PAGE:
While responsible theology will see the dangers to many present concepts, it cannot ignore the importance both, at a spiritual and psychological level, of an assurance that something exists beyond our experience. It is not the idea, which is flawed, but rather our approach of it. If we truly trust (have faith), in God, we have no worry or fear of death because ultimately what lies beyond us is of God. When we learn to recognize the Divine within the self, when we know that God exists instead of merely believing it - in such a state eternal existence becomes a given transition just children grow into adults.

Often, when we have a dysfunctional childhood, our adult lives can become somewhat tormented. This is what the myths are telling us about life and death. If our life is such that it is dysfunctional in accordance with purpose, our realization of this will come back to haunt us in death.

Heaven and hell are not places as we so often portray them. We talk of spiritual kingdoms, paradise, and picture all kinds of human perceptions in our focus. But heaven and hell in reality are simply metaphors for a state of being that is incomprehensible in our human experience. Childhood and adulthood are not about places, but the way we experience life. One may be better than the other only because of the way we choose to experience. Such is the inspirational message of life after death.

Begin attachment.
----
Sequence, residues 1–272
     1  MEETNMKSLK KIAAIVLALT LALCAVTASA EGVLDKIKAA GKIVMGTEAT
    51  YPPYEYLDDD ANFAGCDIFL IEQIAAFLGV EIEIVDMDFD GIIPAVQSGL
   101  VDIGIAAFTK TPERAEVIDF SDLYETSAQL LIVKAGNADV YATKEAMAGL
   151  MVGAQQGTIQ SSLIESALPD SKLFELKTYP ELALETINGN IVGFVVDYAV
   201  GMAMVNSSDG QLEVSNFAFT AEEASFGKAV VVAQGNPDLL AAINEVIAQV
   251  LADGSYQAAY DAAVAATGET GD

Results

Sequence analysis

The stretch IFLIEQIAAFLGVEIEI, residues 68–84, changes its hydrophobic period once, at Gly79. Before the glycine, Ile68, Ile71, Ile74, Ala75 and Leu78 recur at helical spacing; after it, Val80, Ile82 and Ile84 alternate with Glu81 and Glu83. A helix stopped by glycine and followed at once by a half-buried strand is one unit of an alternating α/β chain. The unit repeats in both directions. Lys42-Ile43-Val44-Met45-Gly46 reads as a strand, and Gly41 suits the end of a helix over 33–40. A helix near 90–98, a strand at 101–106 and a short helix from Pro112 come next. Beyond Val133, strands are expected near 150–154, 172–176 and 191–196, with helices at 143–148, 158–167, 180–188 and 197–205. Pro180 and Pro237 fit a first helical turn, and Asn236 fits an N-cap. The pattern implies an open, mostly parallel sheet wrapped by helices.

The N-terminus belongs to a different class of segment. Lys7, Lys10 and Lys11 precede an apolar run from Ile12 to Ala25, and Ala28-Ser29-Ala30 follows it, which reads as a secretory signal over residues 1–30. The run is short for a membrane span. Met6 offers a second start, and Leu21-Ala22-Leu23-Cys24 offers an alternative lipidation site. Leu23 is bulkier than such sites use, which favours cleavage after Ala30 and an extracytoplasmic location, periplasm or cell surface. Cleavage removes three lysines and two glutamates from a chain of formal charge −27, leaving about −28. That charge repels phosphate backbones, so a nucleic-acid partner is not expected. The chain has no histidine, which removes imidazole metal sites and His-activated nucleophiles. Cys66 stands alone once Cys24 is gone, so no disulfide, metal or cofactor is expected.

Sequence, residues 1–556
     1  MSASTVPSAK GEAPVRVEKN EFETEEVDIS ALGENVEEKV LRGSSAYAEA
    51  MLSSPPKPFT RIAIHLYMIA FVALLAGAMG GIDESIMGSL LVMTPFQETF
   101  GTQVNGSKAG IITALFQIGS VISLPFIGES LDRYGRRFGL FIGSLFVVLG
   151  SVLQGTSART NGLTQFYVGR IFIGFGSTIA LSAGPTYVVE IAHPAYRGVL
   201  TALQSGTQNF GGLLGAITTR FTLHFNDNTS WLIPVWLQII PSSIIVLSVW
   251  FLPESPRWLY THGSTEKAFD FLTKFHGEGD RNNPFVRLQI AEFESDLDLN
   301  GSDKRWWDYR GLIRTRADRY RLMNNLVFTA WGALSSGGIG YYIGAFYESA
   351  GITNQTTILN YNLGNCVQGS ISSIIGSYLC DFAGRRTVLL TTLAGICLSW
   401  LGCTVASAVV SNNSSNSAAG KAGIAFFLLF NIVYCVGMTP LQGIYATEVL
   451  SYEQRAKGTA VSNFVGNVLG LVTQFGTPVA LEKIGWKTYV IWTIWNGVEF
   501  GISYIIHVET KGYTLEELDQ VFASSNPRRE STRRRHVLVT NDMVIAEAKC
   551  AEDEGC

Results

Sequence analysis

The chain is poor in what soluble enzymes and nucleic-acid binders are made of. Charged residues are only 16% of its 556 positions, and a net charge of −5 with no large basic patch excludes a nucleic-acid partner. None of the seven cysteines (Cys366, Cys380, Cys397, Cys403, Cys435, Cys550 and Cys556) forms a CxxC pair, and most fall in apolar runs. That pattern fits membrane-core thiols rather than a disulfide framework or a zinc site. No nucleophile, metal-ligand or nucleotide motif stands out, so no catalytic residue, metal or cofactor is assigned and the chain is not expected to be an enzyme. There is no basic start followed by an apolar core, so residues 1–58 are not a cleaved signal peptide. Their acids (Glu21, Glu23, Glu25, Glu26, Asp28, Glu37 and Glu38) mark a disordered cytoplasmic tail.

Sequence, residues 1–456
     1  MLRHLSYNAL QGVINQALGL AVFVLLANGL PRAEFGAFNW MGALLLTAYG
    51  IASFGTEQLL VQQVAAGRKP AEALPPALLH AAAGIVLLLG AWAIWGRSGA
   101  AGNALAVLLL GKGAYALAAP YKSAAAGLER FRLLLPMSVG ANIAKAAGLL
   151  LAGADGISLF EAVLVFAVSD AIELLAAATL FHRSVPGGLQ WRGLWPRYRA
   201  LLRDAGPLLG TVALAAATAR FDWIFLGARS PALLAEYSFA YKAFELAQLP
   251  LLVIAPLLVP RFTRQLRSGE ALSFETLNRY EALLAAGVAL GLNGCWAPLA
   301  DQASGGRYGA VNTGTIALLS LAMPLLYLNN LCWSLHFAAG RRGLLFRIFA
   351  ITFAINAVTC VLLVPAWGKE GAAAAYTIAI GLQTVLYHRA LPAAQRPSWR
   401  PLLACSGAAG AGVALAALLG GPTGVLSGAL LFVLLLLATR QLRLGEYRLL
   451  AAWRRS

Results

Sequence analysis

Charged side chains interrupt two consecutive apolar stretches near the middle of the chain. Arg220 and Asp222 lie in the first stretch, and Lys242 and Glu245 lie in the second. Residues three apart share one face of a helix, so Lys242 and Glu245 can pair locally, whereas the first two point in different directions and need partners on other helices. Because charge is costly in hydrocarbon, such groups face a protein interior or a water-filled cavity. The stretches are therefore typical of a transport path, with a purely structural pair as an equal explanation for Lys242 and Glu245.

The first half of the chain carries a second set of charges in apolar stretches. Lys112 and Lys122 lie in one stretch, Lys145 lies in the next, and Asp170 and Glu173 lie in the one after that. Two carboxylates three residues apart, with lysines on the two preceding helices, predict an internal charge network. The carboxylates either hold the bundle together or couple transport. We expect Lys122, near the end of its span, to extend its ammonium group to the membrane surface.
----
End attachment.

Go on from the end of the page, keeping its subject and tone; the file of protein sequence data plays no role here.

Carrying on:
In the simple story of JONATHAN LIVINGSTON SEAGULL, by Richard Bach, we have powerful metaphors for these ideals in relationship to the world we understand and live. Messiahship and death are just two. After Seagull enters that he thought to be heaven, he ends up making this observation to his elder:

"Chiang, this world isn't heaven at all, is it?"

The elder smiled in the moonlight, "You are learning again, Jonathan Seagull," he said.

"Well, what happens from here? Where are we going? Is there no such place as heaven?"

"No, Jonathan, there is no such place, HEAVEN IS NOT A PLACE, AND IT IS NOT A TIME. Heaven is BEING PERFECT."

(p64)

 

 

And Jesus himself points us in the direction of heaven or the Kingdom of God as a state of being or consciousness:

Repent for the Kingdom of Heaven is UPON YOU. (Matthew 4:17)

And:

The Pharisees asked him, "When will the kingdom of Cod come?" He said, "You cannot tell by observation when the Kingdom of God comes. There will be no saying, "Look, here it is." or "there it is!" - for in fact the Kingdom of God is among you.

(Luke 17., 20,21)